FIG. 6 and 7 are illustrations of waveforms of signals obtained from the pressure transducers of FIG. 5.
In the simplified illustration of FIG. 1, a well drilling rig, which is conventional in most respects, includes the usual upwardly projecting derrick or mast 11 from which a drill string 12 is suspended by a block and tackle assembly 13 which includes a crown block 14 and a traveling block 15 suspended from the crown block by a line 16. Drawworks 17 actuates line 16 to move the traveling block and drill string upwardly and downwardly along a vertical axis 18. The drill string is formed of a series of tubular pipe sections 19 threadedly interconnected at joints 20. For purposes of the present invention the drilling apparatus may be of a type in which the entire string is rotated by a rotary table 21 mounted on the rig floor 22, or of a type in which the string is stationary and only the drill bit 23 at its lower end rotates. FIG. 1 is intended to illustrate that latter arrangement, with the lowermost section 24 of the drill string containing a motor 25 of known type adapted to be driven by the drilling fluid circulating downwardly through the drill string to turn bit 23 about vertical axis 18. Connected into the string above the bottom motor section 24 is an instrument section 27 that develops and transmits the monitored downhole information to the surface of the earth.
The drilling fluid, or mud, is delivered under pressure by a pump 28 through a line and flexible hose 29 to the upper end of the drill string 19. The mud then flows downwardly through the interior of the drill string to bit 23. The fluid is discharged through restricted passages in the bit to the outside of the string, and then returns to the surface through the annulus 30 between the drill string and the borehole. At the upper end of the well the returning fluid received from annulus 30 is confined within a structure 31 and is discharged through a line 32 to a collection sump 33. Pump 28 takes suction through a line 34 for recirculation of the mud to the drill string. Before recirculation of the mud, cuttings and other unwanted materials are separated out by a screen, filter or other separation system represented diagrammatically at 35.
Pump 28 is a conventional mud pump of the positive displacement type, typically including one or more piston and cylinder mechanisms. The pump is driven by a motor 37 at a rate which can be varied by control means 38.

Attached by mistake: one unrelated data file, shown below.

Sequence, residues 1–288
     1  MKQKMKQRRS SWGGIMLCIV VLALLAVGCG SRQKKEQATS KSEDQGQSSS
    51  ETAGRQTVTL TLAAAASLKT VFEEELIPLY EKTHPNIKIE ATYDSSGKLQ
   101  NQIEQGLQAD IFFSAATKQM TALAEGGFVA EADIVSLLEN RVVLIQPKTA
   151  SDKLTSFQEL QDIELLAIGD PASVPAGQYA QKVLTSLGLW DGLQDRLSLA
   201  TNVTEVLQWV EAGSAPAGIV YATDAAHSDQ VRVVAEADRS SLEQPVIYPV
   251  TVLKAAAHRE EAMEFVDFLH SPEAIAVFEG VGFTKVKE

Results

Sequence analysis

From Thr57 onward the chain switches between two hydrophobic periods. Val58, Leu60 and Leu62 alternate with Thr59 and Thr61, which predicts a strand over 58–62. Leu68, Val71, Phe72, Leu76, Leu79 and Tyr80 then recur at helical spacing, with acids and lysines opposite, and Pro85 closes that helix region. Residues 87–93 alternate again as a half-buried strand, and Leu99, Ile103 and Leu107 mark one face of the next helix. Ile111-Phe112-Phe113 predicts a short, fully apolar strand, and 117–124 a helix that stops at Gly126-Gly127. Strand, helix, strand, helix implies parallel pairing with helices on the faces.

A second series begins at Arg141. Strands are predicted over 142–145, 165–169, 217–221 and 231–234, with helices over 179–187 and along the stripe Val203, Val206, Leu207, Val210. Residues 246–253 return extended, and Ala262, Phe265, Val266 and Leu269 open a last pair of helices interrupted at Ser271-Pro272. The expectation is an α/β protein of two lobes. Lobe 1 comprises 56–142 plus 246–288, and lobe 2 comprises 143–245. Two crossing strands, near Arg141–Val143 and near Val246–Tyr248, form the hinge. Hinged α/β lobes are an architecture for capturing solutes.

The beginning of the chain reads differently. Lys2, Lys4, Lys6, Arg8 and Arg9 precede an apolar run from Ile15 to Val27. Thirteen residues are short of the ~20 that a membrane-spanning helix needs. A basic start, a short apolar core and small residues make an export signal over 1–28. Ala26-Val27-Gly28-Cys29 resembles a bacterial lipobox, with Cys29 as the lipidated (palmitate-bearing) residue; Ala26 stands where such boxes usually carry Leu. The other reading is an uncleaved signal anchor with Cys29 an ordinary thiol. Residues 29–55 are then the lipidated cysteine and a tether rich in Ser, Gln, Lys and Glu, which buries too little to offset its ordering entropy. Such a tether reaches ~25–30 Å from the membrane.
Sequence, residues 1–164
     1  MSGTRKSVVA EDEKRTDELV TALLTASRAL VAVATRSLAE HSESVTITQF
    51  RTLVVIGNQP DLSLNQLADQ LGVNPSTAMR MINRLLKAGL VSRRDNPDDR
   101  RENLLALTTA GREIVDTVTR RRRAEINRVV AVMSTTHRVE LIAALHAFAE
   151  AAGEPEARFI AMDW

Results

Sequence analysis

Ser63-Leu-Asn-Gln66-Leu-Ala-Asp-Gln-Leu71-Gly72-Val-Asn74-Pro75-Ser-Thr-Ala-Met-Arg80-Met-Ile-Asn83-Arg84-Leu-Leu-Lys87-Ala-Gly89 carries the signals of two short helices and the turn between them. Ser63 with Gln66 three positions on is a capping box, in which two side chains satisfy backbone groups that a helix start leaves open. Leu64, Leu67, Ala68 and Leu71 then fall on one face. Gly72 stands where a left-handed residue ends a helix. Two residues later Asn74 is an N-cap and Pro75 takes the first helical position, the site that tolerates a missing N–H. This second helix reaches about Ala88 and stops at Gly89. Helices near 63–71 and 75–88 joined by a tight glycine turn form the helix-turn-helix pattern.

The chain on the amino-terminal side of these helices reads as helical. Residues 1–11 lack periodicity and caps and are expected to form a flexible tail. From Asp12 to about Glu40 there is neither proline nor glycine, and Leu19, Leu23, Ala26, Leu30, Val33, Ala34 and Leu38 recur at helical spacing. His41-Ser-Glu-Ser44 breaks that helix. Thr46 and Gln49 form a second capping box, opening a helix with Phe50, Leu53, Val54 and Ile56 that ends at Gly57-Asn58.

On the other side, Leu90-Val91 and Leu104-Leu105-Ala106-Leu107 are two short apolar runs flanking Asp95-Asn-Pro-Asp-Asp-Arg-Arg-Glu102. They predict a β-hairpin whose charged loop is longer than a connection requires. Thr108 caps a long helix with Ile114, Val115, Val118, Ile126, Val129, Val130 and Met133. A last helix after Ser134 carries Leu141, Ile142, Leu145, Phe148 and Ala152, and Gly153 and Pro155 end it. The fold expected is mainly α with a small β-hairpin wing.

FIG. 2 is a simplified illustration of the downhole tool. It forms no part of my invention but is illustrated in simplified form herein to assure a complete understanding of the background of my invention. The instrument or tool section 27 of the drill string has a rigid tubular body 39 centered about axis 18 of the string and its upper end is threadedly connected at 40 to the next upper section 19 of the string. Its lower end is threadedly connected at 41 to the lowermost section 24 of the string that carries the mud motor. Drilling fluid flows downwardly from a passage 42 formed in the string above instrument section 27 into an axial passage 43 formed in body 39. From the lower end of passage 43 the fluid flows into a passage 44 in bottom section 24 to drive motor 25. The fluid then is discharged into annulus 30 through a passage represented at 45.
The active elements of instrument section 27 of the string are illustrated within cavities formed in the relatively thick sidewall of body 39 of section 27 and may include an instrument 46 adapted to sense a condition or conditions in the well, battery pack 47 for energizing the instrument and other related parts, an electronic circuit 48, and an electrically operated device 49 for actuating a valve 50 between open and closed positions. Valve 50 acts to control flow of the circulating drilling mud from passage 43 through a passage 51 in the side wall of body 39 to the exterior of that body. The valve 50 may be a gate valve which is actuable vertically between its closed and open positions in which it blocks flow of drilling mud laterally from passage 43, or permits the fluid to bypass laterally through passage 51 to the annulus 30 about body 39 without flow through motor 25 and the bit. The actuator 49 for valve 50 may be a solenoid which opens the valve when energized and permits closure of the valve by a spring represented at 52 when the solenoid is deenergized. Other arrangements of instrument sections are known and may be used.
Each time valve 50 is opened in response to coded information signals the bypassing of drilling mud through passage 51 from the interior of body 39 to its exterior reduces the restriction to flow of the mud down the drill string, thereby allowing the drilling mud to flow down the string at a greater velocity and with an accompanying reduction in fluid pressure in the mud column. These are the so called "mud pulses" that are detected at the surface to recover the transmitted information. In fact, the mud pulses are transient acoustic waves that propagate through the mud column in the drill string.
A number of different methods and apparatus have been proposed for detecting the mud pulses. For example, it is known to mount a pressure transducer 102 on the pipe 72 that connects the mud pump and accumulator to the drill string. Additionally, in U.S. patent application Ser. No. 330,836 entitled Well Information Telemetry, filed Dec. 15, 1981, by H. Moll, and assigned to applicant's assignee, a telemetry system is disclosed in which optical, ultrasonic or mechanical means are utilized at the surface to monitor the velocity or flow rate of the drilling fluid in order to detect the information pulses produced downhole in the instrument section 27. That system is attractive, but the information receiving means of my invention is simpler to construct and produces better quality information at the surface.